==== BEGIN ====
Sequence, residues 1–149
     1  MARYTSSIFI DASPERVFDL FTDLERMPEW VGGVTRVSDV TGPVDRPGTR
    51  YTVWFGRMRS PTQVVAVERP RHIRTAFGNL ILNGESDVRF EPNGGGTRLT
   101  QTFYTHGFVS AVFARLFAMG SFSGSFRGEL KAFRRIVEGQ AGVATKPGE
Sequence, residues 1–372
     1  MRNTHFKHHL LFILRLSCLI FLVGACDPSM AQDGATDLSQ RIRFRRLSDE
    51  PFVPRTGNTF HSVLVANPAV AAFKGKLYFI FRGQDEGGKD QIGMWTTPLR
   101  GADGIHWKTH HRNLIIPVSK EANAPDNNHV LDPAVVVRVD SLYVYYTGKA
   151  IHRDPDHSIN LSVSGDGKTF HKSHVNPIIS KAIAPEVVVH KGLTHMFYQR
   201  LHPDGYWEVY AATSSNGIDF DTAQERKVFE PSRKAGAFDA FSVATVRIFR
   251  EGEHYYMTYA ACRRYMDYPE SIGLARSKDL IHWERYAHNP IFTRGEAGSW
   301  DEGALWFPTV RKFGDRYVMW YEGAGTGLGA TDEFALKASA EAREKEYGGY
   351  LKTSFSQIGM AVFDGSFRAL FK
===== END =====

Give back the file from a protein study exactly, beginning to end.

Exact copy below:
Sequence, residues 1–149
     1  MARYTSSIFI DASPERVFDL FTDLERMPEW VGGVTRVSDV TGPVDRPGTR
    51  YTVWFGRMRS PTQVVAVERP RHIRTAFGNL ILNGESDVRF EPNGGGTRLT
   101  QTFYTHGFVS AVFARLFAMG SFSGSFRGEL KAFRRIVEGQ AGVATKPGE
Sequence, residues 1–372
     1  MRNTHFKHHL LFILRLSCLI FLVGACDPSM AQDGATDLSQ RIRFRRLSDE
    51  PFVPRTGNTF HSVLVANPAV AAFKGKLYFI FRGQDEGGKD QIGMWTTPLR
   101  GADGIHWKTH HRNLIIPVSK EANAPDNNHV LDPAVVVRVD SLYVYYTGKA
   151  IHRDPDHSIN LSVSGDGKTF HKSHVNPIIS KAIAPEVVVH KGLTHMFYQR
   201  LHPDGYWEVY AATSSNGIDF DTAQERKVFE PSRKAGAFDA FSVATVRIFR
   251  EGEHYYMTYA ACRRYMDYPE SIGLARSKDL IHWERYAHNP IFTRGEAGSW
   301  DEGALWFPTV RKFGDRYVMW YEGAGTGLGA TDEFALKASA EAREKEYGGY
   351  LKTSFSQIGM AVFDGSFRAL FK